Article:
OTTAWA (Reuters) - Canadian Prime Minister Justin Trudeau apologised on Wednesday for wearing brown face make-up in 2001 after an embarrassing picture emerged less than five weeks before an election in which he faces a tough fight.
The image of a 29-year-old Trudeau with his face in dark make-up is a major challenge for a leader who often speaks about the need to fight racial discrimination and who has three prominent ministers of Indian descent in his cabinet.
“I should have known better then, but I didn’t and I did it and I’m deeply sorry,” Trudeau, 47, told reporters on his campaign plane in Halifax, Nova Scotia, after Time magazine published the image.
Time said the image was provided by Vancouver businessman Michael Adamson earlier this month. Adamson was part of the West Point Grey Academy community where Trudeau, then 29, worked at the time, the magazine said. The picture was in the Vancouver private school’s yearbook.
“I dressed up in an Aladdin costume and put make-up on. I shouldn’t have done it,” a grim-faced Trudeau said in comments carried live on Canadian television.
The picture shows him wearing a turban and a white robe, with his face covered in dark makeup.
“This picture runs completely contrary to the image of tolerance the prime minister has so scrupulously cultivated. It can’t be good for him or his party,” said Darrell Bricker, chief executive officer of polling firm Ipsos Public Affairs.
Canada has an official policy of multiculturalism and about one in five Canadians were born overseas, according to Statistics Canada.
Donning dark make-up is particularly sensitive in the United States, given its long history of slavery. In February, Virginia Governor Ralph Northam resisted calls to step down over a racist photo in his 1984 medical school yearbook.
Trudeau, questioned by reporters, also admitted he had dressed up in make-up when at high school and performed “Day O”, a traditional Jamaican song about people loading bananas onto boats.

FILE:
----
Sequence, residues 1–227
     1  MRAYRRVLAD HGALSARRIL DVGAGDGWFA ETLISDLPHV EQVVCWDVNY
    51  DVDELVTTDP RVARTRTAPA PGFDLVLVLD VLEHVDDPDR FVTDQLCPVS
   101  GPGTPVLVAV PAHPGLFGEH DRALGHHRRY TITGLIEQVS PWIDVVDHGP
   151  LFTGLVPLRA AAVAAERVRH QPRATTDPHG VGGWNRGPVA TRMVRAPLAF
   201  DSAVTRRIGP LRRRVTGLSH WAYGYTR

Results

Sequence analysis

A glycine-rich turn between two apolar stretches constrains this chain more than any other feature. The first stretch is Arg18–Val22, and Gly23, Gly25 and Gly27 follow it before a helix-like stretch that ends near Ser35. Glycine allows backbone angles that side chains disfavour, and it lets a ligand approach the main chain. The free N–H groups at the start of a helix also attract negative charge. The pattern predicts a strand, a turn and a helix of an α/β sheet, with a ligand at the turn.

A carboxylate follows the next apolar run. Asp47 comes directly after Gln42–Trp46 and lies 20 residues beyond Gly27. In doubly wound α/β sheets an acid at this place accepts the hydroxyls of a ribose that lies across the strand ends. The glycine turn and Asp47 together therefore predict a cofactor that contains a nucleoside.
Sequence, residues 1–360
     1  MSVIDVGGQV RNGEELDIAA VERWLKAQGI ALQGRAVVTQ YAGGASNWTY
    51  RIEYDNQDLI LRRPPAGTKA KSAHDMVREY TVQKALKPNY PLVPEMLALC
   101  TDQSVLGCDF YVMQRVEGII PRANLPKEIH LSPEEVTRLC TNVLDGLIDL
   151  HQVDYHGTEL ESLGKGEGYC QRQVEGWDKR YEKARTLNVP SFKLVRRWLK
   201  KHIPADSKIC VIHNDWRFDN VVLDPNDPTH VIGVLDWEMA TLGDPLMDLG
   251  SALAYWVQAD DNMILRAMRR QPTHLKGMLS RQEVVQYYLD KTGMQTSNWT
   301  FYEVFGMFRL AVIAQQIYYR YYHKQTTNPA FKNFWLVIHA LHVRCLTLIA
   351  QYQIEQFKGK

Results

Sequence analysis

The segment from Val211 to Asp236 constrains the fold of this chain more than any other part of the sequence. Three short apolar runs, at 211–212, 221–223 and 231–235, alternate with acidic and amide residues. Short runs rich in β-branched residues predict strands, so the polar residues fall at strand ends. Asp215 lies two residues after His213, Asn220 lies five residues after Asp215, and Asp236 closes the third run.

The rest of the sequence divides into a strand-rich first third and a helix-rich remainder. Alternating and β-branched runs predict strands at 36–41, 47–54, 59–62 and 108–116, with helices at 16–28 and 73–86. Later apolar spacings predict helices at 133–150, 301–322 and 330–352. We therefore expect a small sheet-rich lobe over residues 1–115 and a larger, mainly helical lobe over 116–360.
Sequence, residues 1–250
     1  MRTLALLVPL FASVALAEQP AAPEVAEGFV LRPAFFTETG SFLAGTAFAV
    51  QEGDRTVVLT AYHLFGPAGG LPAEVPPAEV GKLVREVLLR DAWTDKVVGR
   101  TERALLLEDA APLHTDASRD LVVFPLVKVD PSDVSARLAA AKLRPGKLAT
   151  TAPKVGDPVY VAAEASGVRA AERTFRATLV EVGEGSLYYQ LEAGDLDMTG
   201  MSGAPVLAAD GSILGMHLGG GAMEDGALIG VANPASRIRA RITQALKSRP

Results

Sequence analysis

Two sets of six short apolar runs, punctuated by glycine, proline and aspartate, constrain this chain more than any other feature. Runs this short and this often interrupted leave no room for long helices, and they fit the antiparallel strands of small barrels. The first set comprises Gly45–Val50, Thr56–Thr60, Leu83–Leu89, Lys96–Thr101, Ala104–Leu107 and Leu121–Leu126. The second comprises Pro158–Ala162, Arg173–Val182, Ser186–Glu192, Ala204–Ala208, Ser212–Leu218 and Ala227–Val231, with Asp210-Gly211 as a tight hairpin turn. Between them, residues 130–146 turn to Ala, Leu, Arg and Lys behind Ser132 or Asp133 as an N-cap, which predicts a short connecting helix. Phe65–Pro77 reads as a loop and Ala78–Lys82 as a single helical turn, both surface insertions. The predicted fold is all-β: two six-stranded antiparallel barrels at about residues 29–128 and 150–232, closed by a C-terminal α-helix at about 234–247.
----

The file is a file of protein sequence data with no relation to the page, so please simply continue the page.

Trudeau is locked in a neck-and-neck battle with Conservative leader Andrew Scheer ahead of the Oct. 21 federal election.
Scheer said he was “extremely shocked and disappointed” by the photo.
“Wearing brown face is an act of open mockery and racism. What Canadians saw this evening is someone with a complete lack of judgment and integrity and someone who’s not fit to govern this country,” he told reporters in Quebec.
Trudeau has seen his once sky-high popularity hurt by a series of missteps, including a ruling last month by a top watchdog that he had breached ethics rules by pressuring the former justice minister to ensure a major construction firm avoid a corruption trial.
Trudeau brushed off suggestions he might quit.
“I am going to be asking Canadians to forgive me for what I did ... it was a dumb thing to do. I’m disappointed in myself. I’m pissed off with myself for having done it,” he said.
The ruling Liberals are competing for left-of-centre votes with the New Democrats of Jagmeet Singh, a practising Sikh, who is the first person from ethnic minority descent to lead a major party in Canada.
“The people who see this image are going to think about all the times in their life that they were made fun of, that they were hurt, that they were hit, that they were insulted, that they were made to feel less because of who they are,” a visibly upset Singh told reporters.
Editing by Peter Cooney and Lincoln Feast.